Urban renewal and development, somehow, doesn’t figure high on the list of priorities of politicians who possibly believe that it makes better electoral sense to focus entirely on rural development. Not that it makes an iota of difference to the quality of life in our rural areas. But it passes for ‘concern for the poor and the toiling masses’. Also, funnelling funds for rural development offers myriad opportunities for politicians and babus to feather their nest. Examples abound; Uttar Pradesh showcases most of them.
As a result, urban development – the lack of it, the need for it – is largely ignored. What were towns yesterday are now classified as cities. What were cities are now described as megacities. Their boundaries have expanded and populations have increased, putting extraordinary pressure on existing infrastructure and resources. That has rendered our cities, big and small, decrepit. They are tottering and on the verge of collapsing into unmanageable chaos.
Gleaming chrome-and-glass malls, towering skyscrapers, posh enclaves provide the illusion of ‘development’. If you look beyond the glitter, you will find urban decay festering amid grey concrete slums. Delhi offers a perfect example of this: The CWG lipstick having worn off, the city wears a depressing look. Mumbai, for all it decrepitude, has a soul that beats to the rhythm of boisterous life. Delhi can’t even boast of that.
These and other thoughts came to mind as I strolled along the uncluttered, spotless promenade of Ahmedabad’s Sabarmati Riverfront earlier this week. A vast expanse of clean blue water shimmered in the amber glow of the setting Sun.
Mahatma Gandhi’s favourite river, on whose bank he had set up his famous ashram, had turned into a trickle of brackish, heavily polluted water, with untreated sewage flowing into it. Sabarmati, like Yamuna, faced a ghastly death.
Monsoon rains would make a desperate effort to resuscitate the river, flooding its banks, but rains over, Sabarmati would return to its dying pitiful self. The river’s sandy bed had turned into sprawling slums; the filthy water spawned diseases; and, crime flourished with poverty.
That’s till Gujarat’s Chief Minister Narendra Modi decided to revive a project gathering dust for decades. A dedicated team of officials at Ahmedabad Municipal Corporation, led by the Commissioner, got down to the task of recreating the lost magic of Sabarmati. The river bed was dredged, concrete banks were built, the slum-dwellers were relocated to free houses built for the disadvantaged, and a Narmada canal was used for feeding water into Sabarmati before flowing out to irrigate fields.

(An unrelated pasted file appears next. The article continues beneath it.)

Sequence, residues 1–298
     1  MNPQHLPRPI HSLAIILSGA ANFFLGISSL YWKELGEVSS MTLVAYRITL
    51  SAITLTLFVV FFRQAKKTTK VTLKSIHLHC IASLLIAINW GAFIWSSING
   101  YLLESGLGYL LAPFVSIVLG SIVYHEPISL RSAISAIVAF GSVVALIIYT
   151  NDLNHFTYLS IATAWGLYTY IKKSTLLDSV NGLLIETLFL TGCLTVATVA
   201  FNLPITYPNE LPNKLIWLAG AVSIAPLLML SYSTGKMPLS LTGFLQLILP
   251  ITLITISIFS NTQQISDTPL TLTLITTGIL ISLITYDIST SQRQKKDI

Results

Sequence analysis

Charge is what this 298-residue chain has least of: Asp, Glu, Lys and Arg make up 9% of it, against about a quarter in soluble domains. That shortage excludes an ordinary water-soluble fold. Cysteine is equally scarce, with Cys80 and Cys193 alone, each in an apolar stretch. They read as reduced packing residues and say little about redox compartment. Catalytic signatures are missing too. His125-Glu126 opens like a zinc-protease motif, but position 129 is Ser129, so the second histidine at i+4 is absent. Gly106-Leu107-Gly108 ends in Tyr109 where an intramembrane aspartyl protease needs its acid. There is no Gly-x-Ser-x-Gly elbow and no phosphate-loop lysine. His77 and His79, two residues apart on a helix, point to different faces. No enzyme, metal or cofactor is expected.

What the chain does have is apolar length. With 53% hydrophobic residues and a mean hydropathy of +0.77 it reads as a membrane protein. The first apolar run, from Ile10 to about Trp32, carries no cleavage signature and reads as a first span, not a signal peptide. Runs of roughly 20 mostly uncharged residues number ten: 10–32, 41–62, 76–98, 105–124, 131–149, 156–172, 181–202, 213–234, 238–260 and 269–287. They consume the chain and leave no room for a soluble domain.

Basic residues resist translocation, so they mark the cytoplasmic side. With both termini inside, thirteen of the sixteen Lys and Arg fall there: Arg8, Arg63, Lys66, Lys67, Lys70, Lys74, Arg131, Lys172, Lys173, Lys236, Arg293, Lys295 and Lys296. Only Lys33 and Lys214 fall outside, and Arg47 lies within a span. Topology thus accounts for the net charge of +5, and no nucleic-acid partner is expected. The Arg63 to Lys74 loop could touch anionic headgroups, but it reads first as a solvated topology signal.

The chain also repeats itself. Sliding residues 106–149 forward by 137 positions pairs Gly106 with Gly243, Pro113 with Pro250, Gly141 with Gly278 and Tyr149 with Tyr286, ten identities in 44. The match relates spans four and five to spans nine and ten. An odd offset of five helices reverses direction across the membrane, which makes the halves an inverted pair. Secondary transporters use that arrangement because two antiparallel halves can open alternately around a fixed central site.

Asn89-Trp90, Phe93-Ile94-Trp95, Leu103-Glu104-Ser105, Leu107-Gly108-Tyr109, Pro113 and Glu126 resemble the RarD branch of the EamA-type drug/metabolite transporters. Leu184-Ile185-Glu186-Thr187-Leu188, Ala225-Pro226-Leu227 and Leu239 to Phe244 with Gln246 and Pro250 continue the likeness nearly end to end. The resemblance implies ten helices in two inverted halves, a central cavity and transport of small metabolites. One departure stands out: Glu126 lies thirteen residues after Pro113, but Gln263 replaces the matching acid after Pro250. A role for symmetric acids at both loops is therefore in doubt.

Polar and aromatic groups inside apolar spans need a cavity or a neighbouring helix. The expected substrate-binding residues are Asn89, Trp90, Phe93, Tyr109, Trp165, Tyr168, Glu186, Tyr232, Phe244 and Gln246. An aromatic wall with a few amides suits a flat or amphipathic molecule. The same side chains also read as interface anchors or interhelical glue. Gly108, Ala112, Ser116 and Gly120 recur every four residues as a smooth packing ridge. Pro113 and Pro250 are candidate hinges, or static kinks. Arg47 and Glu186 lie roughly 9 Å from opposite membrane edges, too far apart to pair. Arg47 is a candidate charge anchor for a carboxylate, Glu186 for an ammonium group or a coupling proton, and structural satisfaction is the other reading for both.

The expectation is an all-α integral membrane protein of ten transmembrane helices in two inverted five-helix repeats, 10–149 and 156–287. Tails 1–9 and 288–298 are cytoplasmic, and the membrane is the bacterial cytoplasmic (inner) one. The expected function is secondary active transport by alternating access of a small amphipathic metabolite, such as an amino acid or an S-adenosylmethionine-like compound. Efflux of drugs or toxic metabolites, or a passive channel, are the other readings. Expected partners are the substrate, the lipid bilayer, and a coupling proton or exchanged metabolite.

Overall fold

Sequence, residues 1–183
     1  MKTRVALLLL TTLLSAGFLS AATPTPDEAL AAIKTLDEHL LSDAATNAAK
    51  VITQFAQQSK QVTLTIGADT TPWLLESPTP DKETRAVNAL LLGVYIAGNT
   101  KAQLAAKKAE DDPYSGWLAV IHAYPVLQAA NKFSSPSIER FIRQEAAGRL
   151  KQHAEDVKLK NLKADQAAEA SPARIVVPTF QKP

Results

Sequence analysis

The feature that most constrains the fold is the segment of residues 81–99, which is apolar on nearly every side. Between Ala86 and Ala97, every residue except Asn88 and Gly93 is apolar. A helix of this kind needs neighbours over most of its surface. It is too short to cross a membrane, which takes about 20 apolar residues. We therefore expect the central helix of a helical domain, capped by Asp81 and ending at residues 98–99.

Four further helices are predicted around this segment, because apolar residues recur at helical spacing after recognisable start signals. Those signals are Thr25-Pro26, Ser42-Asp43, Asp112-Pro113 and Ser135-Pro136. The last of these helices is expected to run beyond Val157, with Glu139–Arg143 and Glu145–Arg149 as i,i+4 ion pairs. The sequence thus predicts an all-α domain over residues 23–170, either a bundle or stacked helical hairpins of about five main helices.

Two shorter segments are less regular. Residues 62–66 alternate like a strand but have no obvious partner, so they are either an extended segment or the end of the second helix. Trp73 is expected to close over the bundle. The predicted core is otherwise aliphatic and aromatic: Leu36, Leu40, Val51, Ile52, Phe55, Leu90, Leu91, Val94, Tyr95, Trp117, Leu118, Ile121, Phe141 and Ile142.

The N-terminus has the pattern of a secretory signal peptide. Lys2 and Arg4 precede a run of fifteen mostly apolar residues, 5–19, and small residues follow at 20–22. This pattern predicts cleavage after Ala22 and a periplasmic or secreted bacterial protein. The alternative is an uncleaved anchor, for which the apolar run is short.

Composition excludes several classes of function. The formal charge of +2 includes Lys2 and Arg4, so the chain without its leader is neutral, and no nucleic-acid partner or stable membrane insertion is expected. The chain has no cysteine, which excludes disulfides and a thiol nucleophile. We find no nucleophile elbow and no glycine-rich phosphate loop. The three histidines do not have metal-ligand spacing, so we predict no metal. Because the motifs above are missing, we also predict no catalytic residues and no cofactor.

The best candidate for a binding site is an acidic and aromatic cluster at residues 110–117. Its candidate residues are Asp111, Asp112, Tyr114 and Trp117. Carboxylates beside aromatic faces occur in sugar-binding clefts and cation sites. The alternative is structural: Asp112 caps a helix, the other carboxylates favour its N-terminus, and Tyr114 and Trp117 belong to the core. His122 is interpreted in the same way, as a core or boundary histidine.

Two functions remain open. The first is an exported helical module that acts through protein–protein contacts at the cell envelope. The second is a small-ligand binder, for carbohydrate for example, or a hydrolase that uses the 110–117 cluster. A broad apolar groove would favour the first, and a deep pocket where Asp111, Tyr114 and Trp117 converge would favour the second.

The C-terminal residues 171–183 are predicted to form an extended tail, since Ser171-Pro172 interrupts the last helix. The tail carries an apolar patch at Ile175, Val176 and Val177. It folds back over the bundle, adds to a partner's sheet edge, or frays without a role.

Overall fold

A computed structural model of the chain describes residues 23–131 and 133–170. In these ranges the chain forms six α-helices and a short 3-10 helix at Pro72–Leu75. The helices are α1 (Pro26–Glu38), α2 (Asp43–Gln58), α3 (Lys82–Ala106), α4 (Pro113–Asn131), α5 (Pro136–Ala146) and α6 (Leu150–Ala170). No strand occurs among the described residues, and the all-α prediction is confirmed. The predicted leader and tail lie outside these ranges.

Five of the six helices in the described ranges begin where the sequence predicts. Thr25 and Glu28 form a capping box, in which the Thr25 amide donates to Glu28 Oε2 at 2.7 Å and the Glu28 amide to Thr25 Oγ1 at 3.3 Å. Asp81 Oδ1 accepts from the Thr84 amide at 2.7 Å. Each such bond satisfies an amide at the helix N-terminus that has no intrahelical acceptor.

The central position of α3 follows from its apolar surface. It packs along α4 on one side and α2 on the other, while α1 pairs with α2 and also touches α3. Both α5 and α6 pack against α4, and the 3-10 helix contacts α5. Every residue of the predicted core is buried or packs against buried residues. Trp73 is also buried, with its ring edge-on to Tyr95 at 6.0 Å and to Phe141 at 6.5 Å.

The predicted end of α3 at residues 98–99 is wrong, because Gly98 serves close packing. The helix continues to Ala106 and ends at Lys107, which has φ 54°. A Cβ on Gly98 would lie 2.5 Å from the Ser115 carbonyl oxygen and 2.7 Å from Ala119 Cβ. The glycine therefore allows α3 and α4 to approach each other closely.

Low and behold, Sabarmati was revived. The river now flows, 12 months a year, through the city, and offers a sight which no other city in India can boast of. The spinoffs have been huge. Monsoon no longer brings with it severe outbreaks of enteric diseases as in the past; the water table has gone up and fetched ecological benefits; the municipal corporation saves Rs 15 crore a year; residents of this otherwise crowded city now have access to a vast well-maintained public space.
Urban renewal is not only about replacing ramshackle buses with spanking new ones or building un-aesthetic flyovers. Nor is it about building new malls and markets and gated societies that benefit real estate promoters more than people. It’s really about infusing life into a city so that it becomes an organic, living entity. The Sabarmati Riverfront project proves this point.
It also demonstrates that leadership matters – perhaps more than funds. Or else Yamuna would not be weeping over her tragic misfortune while Sabarmati celebrates rebirth and a new life that is tantalising to behold.
Changing Face of the Sabarmati Under Visionary Leadership of Shri Narendra Modi
Ask the older inhabitants of Ahmedabad and they will tell you that the Sabarmati of the yesteryears was everything but a river- there were regular circuses held and children played cricket on the river bed that was perpetually running dry.
When Shri Narendra Modi took charge as the Chief Minister, he was determined to change this. In the last few years the Sabarmati passing through Ahmedabad has become an icon in the urban landscape of Ahmedabad and led to environmental improvement in the city by allowing retaining of ground water and providing cleaner water to the city.
The Sabarmati Riverfront Project has been the recipient of a number of honors and special mentions. In July this year, KPMG, one of the world’s top advisory firms has included the Sabarmati Riverfront in the list of ‘100 Most Innovative Projects’ in urban regeneration that make cities livable and sustainable.
In the same month the Ahmedabad Municipal Corporation (AMC) received a special mention in the Lee Kuan Yew World City Prize 2012. The statement by the prize authorities not only notes the inspiring role played by Shri Narendra Modi towards Ahmedabad’s urban regeneration but also takes the Sabarmati Riverfront as one of the prime examples of the nature and scope of urban development in the city.
Recently, in April this year the Ahmedabad Municipal Corporation (AMC) received HUDCO National Award 2012 for innovative infrastructure development for the Riverfront Project. On an earlier occasion, the Sabarmati Riverfront project also bagged the Prime Minister award for the best concept and design of a public project. In 2006, the Sabarmati Riverfront Project was the recipient of the National Safety Council of India, Safety Award (Prashansa Patra).
Part of the article published in Niti Central